The annual New Zealand Model United Nations teaches global citizenship to high school students in an authentic way, by assigning young people to countries and enabling them to experience how the UN works. The New Zealand National Commission for UNESCO is a regular sponsor of this event. UNESCO Aotearoa Youth Leader Peter MacKenzie (pictured holding sign) reflects on the experience.
When thinking of the United Nations and its myriad affiliated institutions, transparency and coherency are not the words which typically spring to mind. Instead, the UN is often perceived as so far removed from the lives of everyday individuals that it is not worth learning about or understanding.
Every year, UN Youth sets about changing that. UN Youth is run by youth and for youth, and annually invites hundreds of youth from across the country to New Zealand Model United Nations (NZMUN) – its premier event. At the event, youth take on the role of a UN member-state, representing its views, learning about what the UN does, and seeing a tangible demonstration of how it is structured.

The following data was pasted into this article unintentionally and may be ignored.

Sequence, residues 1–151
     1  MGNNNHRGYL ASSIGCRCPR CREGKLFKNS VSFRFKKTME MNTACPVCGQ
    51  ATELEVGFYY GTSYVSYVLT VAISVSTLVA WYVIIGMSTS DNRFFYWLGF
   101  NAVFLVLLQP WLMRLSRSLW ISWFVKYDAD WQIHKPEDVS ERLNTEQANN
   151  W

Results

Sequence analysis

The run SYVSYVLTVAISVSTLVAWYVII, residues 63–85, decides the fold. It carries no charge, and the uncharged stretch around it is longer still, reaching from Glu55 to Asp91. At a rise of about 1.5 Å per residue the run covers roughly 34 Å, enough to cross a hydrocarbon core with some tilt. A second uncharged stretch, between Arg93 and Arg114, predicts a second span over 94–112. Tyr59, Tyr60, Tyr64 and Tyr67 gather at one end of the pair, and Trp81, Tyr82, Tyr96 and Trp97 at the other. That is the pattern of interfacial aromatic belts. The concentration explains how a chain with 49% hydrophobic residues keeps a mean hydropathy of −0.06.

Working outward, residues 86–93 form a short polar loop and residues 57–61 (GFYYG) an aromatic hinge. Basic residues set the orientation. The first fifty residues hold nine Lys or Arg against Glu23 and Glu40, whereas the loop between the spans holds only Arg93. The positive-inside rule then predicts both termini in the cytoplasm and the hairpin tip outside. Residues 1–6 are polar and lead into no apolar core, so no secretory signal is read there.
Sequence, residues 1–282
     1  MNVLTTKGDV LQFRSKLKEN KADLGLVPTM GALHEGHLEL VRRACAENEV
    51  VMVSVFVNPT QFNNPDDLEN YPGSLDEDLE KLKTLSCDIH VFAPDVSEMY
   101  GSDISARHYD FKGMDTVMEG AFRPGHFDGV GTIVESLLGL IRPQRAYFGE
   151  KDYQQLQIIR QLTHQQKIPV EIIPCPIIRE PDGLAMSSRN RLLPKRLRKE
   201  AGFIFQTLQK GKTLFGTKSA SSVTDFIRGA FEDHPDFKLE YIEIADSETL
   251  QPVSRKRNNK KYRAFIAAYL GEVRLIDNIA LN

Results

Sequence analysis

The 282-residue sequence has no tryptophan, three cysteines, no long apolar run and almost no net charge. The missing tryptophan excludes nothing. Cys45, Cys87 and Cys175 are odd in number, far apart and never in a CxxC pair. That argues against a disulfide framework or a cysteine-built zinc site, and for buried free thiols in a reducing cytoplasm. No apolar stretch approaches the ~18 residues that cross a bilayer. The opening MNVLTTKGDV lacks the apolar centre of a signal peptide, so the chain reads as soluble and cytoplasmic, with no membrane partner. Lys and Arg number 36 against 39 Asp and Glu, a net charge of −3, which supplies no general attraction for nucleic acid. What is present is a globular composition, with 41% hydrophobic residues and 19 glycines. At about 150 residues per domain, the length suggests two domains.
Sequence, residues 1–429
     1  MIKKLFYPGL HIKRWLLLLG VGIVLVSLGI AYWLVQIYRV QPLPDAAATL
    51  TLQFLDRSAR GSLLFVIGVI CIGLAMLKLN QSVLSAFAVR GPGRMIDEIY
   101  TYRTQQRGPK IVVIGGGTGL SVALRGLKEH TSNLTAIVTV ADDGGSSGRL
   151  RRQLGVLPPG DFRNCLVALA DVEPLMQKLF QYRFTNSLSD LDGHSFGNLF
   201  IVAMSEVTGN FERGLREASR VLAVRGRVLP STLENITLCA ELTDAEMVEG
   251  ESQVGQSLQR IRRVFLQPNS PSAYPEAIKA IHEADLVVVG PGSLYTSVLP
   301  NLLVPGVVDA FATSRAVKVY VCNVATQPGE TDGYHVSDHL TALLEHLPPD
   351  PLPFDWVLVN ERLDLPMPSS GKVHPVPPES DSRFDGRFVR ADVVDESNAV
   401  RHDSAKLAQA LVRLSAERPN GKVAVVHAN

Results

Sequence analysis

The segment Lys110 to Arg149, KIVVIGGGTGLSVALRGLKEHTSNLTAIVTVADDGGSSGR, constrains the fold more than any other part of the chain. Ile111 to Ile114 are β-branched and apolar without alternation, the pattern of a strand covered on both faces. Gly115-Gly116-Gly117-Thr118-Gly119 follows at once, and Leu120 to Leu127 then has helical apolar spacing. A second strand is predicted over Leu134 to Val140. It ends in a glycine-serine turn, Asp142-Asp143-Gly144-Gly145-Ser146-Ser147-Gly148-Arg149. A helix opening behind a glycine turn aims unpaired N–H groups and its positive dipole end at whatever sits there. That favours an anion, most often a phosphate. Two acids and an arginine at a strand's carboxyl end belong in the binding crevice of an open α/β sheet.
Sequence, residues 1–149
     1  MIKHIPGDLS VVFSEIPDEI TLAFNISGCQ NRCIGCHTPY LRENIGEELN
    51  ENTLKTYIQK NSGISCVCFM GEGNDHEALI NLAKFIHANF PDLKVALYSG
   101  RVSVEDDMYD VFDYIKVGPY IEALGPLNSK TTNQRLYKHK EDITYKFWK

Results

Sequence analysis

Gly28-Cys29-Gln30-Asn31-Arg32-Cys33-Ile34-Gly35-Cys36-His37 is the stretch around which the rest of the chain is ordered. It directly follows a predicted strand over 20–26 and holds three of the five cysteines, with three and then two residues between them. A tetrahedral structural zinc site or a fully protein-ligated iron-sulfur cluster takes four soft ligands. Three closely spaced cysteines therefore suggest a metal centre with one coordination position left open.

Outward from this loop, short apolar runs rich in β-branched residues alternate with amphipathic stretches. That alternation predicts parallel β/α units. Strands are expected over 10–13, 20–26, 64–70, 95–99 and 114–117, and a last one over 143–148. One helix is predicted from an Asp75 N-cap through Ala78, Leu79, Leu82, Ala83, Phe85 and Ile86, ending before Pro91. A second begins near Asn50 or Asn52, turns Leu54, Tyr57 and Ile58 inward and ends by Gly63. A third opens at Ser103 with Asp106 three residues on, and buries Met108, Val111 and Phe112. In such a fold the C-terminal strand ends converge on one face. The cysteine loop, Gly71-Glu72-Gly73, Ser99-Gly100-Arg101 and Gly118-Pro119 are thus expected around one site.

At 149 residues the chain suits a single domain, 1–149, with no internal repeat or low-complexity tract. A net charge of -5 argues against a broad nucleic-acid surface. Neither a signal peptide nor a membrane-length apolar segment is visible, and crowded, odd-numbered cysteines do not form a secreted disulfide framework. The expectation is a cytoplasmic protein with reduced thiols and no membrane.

I was privileged enough to attend NZMUN multiple times during my time at high school, representing countries as diverse as Oman, China and Kiribati. Each year, the lead-up to the event would entail a flurry of research as you learn about the position and perspective of your assigned nation. Arriving at the event, you would get stuck in – shaking hands and sharing thoughts on issues of global importance – from the Syrian crisis, to planetary food supply, to censorship and free speech. It is a very different world from high school classes, and is an unmatched opportunity to learn how to be a global citizen, which UNESCO strongly advocates.